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The Broomfielder

Protecting Your Pets While Living with Coyotes

Aug 31, 2019 07:19AM
If you subscribe to Nextdoor or any of Broomfield’s Facebook groups you are sure to read regular posts about Broomfield residents’ encounters with wildlife, in particular coyotes. The
recent Denver Metro Area Coyote Behavior Study , led by Dr. Stewart Breck with the USDA
National Wildlife Research Center provides several insights:

  •  Coyotes live in higher population densities in urban areas.
  •  Coyotes build their dens and primarily reside in natural areas and open space, but they do hunt everywhere - including in residential areas.
  • Urban coyotes are most active at night, but they can be active during the day.
  •  About 92% of coyote conflicts reported between 2003 and 2010 were incidents involving
  • pets. Over 90% of pet-attacks occurred near a resident's home or backyard. Of the pet-
  • attacks that occurred in open space, 87% involved dogs off-leash.
  •  Less than 3% of coyote conflicts were attacks on humans.
One of the most important actions related to living with coyotes, is to protect your pets. Coyotes
are opportunistic hunters. If they see an animal that they can easily prey upon, they will. It’s up to
you to keep your pet safe so stay near. Colorado Parks and Wildlife recommends always being
within five feet of your pet.

Here are some other tips:

  •  Keep cats indoors.
  •  Always supervise your pet outside. Do not leave your pet unattended in your yard.
  •  Keep dogs on a short leash (six feet or less).
  •  Avoid known or potential den sites and areas of thick vegetation.
  •  Do not allow dogs to "play" with coyotes or foxes.
  •  Do not leave pet food and water bowls outside.
Resources and Numbers

To report a coyote emergency involving a human, call:
Broomfield Police Department at 911

To report the loss of a pet to a coyote, call:
Colorado Parks and Wildlife at 303-291-7227

If a pet is attacked while on leash, call:
Broomfield Police Department Animal Control at 303-438-6400

For additional information about coyotes, call:
Broomfield Wildlife Masters Volunteer Program at 303-464-5554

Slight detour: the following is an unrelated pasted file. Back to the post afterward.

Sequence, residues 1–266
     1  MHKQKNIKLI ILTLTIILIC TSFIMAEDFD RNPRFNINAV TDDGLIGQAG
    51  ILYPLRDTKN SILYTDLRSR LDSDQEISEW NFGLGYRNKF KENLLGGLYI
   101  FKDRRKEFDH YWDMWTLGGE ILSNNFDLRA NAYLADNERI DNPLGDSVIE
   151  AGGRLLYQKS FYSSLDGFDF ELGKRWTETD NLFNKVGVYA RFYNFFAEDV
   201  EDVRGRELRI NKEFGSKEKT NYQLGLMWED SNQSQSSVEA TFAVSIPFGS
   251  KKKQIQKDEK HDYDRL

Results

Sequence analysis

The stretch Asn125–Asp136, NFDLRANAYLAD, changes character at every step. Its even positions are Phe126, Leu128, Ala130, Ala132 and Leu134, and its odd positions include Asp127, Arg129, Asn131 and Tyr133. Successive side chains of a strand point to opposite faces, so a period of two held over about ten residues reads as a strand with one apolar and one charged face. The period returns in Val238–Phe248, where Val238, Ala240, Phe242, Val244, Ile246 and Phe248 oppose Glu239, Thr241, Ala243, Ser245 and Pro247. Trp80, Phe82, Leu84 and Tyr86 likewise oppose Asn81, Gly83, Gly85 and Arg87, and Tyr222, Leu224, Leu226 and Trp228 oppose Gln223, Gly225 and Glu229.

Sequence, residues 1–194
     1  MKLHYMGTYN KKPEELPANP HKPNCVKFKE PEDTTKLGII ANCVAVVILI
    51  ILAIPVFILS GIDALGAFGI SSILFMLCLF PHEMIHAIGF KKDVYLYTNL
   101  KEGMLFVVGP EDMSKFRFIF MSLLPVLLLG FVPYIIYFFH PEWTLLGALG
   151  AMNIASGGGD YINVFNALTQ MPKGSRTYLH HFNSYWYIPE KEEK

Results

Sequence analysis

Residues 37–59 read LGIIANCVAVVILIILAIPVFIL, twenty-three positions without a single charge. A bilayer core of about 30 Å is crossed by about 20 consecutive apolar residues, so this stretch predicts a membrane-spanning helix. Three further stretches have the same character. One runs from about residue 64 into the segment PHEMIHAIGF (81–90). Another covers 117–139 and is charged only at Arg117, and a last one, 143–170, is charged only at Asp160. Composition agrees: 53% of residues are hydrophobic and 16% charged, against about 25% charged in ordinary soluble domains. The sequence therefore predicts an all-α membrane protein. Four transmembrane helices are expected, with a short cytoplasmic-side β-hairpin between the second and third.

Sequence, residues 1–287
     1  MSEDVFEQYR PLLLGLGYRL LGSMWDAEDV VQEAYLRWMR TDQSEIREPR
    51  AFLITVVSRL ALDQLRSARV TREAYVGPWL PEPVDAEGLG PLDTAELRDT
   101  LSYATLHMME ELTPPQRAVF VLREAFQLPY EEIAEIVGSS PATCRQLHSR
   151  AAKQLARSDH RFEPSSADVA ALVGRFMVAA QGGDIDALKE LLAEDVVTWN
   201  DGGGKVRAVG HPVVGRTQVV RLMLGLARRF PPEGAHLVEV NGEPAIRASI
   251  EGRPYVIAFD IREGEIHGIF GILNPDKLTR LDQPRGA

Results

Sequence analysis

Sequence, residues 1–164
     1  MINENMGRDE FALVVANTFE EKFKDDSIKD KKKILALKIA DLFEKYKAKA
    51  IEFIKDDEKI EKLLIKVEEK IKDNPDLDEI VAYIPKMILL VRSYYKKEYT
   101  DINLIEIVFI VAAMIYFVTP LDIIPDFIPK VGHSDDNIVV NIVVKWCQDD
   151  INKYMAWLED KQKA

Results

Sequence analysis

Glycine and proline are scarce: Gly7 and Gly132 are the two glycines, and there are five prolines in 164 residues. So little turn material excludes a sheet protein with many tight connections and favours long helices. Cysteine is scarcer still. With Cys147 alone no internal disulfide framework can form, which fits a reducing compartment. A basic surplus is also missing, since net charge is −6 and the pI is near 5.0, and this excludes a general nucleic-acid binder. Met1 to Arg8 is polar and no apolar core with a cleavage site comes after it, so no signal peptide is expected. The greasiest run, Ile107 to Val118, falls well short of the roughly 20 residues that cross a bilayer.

Coyote Hazing

Coyote hazing is one of many strategies to reduce or prevent conflicts between humans and
coyotes and can be defined as methods that use deterrents to move an animal out of an area or
discourage an undesirable behavior or activity. Hazing can help maintain a coyote’s fear of
humans and deter them from residential areas such as backyards and playgrounds. Citizens should avoid hazing coyotes near an active den site or pups, and instead should report aggressive coyote behavior under such circumstances to Broomfield Open Space staff.

Low-intensity hazing, intended tactics to scare away coyotes, include:

  •  Banging pots,
  •  Shining bright lights
  •  Shouting
  •  Throwing small rocks or sticks
  •  Spraying garden hoses
  •  Spraying pepper spray
  •  Carrying a ski pole or golf club
  •  Using whistles or other noisemakers
  •  Practicing the S.M.A.R.T. actions
o Stop! Do not run! If you run, the coyote may chase.
o Make yourself look big! Put your hands over your head or pull your jacket up
over your head. Look as big as you can so the coyote knows that you are too
tough to mess with.
o Announce forcefully, "Leave Me Alone"! Repeat if necessary. This lets the
coyote know you are a person, and it lets people around you know that you may
be in trouble.
o Retreat! Back away slowly, but don't turn your back on the coyote.
o Teach your friends and neighbors about coyotes and report coyote encounters to
an adult if you're a child.

Information courtesy of